"There are primitive animal instincts lurking in our own depths, waiting for the chance to slide past a conscious moment. The sculptures I create focus on human psychology, stripped of context and rationalization, and articulated through animal and human forms.  On the surface, these figures are simply feral and domestic individuals suspended in a moment of tension.  Beneath the surface they embody the impacts of aggression, territorial desires, isolation, and pack mentality.
Both human and animal interactions show patterns of intricate, subliminal gestures that betray intent and motivation.  The things we leave unsaid are far more important than the words we speak out loud to one another.  I have learned to read meaning in subtler signs; a look, the tightening of muscles in the shoulders, the incline of the head, and the slightest unconscious gestures.  I rely on animal body language in my work as a metaphor for those underlying patterns, transforming the animal subjects into human psychological portraits"

It continues on, so have a look.  Her statement is well done and the site shows the UNBELIEVABLE amount of intricate work involved, with a step-by-step photo journal of her process.


Thursday, July 1, 2010


Copyright Sara Nickleson 2010
This collage stuff is fun. Can't wait to paint these.


Wednesday, June 30, 2010


Copyright Sara Nickleson, 2010.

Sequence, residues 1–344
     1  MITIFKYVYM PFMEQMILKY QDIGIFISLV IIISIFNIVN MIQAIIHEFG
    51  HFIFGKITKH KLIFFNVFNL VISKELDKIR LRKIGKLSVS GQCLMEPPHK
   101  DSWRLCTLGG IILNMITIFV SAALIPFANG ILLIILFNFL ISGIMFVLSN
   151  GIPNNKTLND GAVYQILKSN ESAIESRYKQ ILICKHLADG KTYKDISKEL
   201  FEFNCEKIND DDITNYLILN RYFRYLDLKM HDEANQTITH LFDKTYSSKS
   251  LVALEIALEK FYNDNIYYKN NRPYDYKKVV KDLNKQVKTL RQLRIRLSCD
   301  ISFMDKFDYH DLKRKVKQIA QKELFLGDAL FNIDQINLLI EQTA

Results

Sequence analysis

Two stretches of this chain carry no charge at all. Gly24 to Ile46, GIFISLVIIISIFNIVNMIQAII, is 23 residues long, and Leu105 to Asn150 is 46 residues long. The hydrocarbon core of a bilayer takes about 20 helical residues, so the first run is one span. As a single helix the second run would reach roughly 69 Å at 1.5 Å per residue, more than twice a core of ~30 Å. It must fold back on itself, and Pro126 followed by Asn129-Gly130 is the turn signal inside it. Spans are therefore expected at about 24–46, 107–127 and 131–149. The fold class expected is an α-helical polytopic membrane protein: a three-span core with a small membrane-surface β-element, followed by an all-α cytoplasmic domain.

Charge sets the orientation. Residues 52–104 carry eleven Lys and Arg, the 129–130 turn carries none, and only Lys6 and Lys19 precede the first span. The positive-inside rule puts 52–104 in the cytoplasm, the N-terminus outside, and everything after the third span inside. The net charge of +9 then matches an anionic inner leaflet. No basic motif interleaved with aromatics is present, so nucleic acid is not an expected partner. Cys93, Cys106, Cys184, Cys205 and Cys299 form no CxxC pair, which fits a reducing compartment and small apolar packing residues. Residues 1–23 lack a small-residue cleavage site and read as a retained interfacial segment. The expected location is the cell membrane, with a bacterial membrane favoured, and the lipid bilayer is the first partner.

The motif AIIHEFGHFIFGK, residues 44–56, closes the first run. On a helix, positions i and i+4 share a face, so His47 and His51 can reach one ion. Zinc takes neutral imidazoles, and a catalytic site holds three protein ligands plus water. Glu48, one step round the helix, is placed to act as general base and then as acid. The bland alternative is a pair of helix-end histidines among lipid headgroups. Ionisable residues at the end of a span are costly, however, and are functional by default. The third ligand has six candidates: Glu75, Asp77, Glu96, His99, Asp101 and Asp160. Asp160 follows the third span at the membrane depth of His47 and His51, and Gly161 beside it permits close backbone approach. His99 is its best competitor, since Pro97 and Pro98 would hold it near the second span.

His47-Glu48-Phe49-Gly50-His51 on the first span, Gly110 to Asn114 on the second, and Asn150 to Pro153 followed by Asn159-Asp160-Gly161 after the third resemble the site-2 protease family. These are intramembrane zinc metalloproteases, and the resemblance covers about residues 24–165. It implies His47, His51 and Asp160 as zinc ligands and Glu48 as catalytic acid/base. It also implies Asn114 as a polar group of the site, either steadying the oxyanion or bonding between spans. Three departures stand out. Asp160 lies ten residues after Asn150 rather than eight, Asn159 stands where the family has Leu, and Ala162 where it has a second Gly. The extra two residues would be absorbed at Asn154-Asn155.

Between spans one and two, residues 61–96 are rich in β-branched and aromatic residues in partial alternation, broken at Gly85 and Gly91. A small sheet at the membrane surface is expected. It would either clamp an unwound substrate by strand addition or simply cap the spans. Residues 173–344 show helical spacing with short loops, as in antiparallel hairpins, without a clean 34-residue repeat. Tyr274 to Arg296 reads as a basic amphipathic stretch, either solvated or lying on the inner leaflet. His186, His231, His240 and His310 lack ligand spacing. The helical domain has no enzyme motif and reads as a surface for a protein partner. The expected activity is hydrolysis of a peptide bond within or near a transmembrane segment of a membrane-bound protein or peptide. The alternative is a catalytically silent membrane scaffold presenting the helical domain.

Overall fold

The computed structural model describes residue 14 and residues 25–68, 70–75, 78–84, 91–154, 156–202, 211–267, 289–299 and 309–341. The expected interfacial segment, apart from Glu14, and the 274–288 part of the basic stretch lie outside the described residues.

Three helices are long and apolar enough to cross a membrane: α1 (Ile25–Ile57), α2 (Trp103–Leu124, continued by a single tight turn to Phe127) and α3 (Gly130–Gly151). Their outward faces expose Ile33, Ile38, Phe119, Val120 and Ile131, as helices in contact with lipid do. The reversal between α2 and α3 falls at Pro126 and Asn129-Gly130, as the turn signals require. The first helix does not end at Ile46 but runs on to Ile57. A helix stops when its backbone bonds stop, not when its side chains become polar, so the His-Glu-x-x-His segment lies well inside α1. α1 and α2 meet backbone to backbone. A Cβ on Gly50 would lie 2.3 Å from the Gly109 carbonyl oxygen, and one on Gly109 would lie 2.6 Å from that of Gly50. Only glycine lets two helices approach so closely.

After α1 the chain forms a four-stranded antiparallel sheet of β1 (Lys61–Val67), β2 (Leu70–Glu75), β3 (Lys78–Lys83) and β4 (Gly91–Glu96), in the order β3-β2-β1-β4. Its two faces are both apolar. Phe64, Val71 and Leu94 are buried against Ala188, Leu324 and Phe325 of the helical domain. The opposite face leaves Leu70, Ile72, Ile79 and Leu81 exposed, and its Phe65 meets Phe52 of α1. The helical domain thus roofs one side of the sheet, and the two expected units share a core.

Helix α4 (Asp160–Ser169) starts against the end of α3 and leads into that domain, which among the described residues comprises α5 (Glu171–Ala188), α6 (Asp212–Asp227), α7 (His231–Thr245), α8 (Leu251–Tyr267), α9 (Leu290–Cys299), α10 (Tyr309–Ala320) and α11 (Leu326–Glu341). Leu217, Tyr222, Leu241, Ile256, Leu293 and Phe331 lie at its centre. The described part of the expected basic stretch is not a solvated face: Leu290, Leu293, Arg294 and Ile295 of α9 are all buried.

I'm currently working on some digital collage that will likely become a series of paintings. Super excited.



Parsons student Roland Tiangco's message to the 'information generation' is a clear one; that is, if you're willing to get it dirty. We're full of potential and there's much to be done. Go ahead, get on it.

I should talk.

Point is, this design is clever on so many levels. 


Friday, May 7, 2010


I found this site about an hour ago and only stopped looking long enough to share it with you. If you love interior design, have a gander; BUT I have to stress that I see this so differently than your typical 'interior design' site. These lofts, barns, chateaux (yes, chateaux), and garages-come-living spaces are HOMEY. So homey. Interior work is often done by someone that knows little to nothing about their client. And more often than not, the client has no idea how to express what they really want. Hence, the beige phenomenon. There's nothing more indecisive than beige.

But I digress.

From the site:
"Office for Word and Image// OWI is specialized in full reportages, including text and images on architecture and interiors. We choose amongst the archives of some of the best photographers and journalists for features with a contemporary look and an interesting story. In our selection we aim for top quality photography and exclusive private homes or exceptional public buildings, accompanied by sharp interviews with some of the world's leading architects"

The places on OWI were done by architects and interior designers but it's the clients who know what they want and take an exceptionally active and creative role that make these homes what they are: The story of their lives.

This applies to many resources out there, but I just felt the need to really point it out. Make something. Put old flooring on the walls. Paint your walls and sandblast them. Build a faux brick fireplace and put candles inside. Put those candles inside old bottles. Have fun with it. Don't be scared and you won't regret it.

Unless you like beige.